The House of the World represents the prophet Lehi’s dream from the Book of Mormon. Lehi saw a tree whose fruit, representing the love of God, gave him great joy, and he wanted his family to eat it also. His wife Sariah and his sons Sam and Nephi came, but his sons Laman and Lemuel did not. Lehi records, “And I beheld a rod of iron, and it extended along the bank of the river, and led to the tree by which I stood. . . . And I also cast my eyes round about, and beheld, on the other side of the river of water, a great and spacious building. . . . And it was filled with people, both old and young, both male and female; and their manner of dress was exceedingly fine; and they were in the attitude of mocking and pointing their fingers towards those who had come at and were partaking of the fruit.”1
Lehi stands at one end of the iron rod, the tree of life behind him, with the white fruit of the tree of life in his hands. Since his arm is outstretched as “an extension of the iron rod, which symbolizes the word of God, Lehi demonstrates that a prophet’s words are from the Lord.”2 His wife Sariah kneels, clinging to the rod. Perhaps she has fallen to her knees because two of her sons are missing. Nephi is shown holding to the rod and reaching out to his mother, while Sam grips the rod behind him.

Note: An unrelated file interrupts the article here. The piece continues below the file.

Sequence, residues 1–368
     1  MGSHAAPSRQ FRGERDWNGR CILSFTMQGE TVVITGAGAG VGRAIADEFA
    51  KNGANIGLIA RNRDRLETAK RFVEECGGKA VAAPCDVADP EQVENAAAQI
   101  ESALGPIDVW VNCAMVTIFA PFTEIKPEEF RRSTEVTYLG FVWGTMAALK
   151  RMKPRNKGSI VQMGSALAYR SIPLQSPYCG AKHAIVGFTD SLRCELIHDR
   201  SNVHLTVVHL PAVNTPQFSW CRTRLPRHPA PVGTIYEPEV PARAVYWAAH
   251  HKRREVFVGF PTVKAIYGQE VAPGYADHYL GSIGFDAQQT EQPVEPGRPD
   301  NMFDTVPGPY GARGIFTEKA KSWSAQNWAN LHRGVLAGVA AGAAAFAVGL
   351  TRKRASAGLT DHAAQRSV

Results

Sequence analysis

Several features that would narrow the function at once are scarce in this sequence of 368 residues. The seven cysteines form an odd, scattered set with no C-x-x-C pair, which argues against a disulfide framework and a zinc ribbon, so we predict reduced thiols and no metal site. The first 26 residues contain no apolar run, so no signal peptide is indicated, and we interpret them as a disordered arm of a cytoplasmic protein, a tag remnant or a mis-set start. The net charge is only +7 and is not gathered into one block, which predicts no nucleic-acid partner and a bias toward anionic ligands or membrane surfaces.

Laman and Lemuel are crossing the river in a boat to the great and spacious building. That beautiful building is shown as only a shell or a façade; the windows and doors show blue sky, revealing that there is nothing inside the building. This represents Nephi’s interpretation that the building is the “vain imaginations and the pride of the children of men.”3
Instead of illuminating the tree of life while the pride of the world is in darkness, Teichert reverses typical imagery. “Lehi’s small group and much of the tree of life are shadowed while the building glows alluringly. Its golden statues convey the status of its throngs of people, and its glory seems to surpass that of the tree. As in real life, the blessings of faith and obedience are sometimes not as immediately apparent or attractive as the entrapments of Satan.”4
Further reading: “Finding Ourselves in Lehi’s Dream”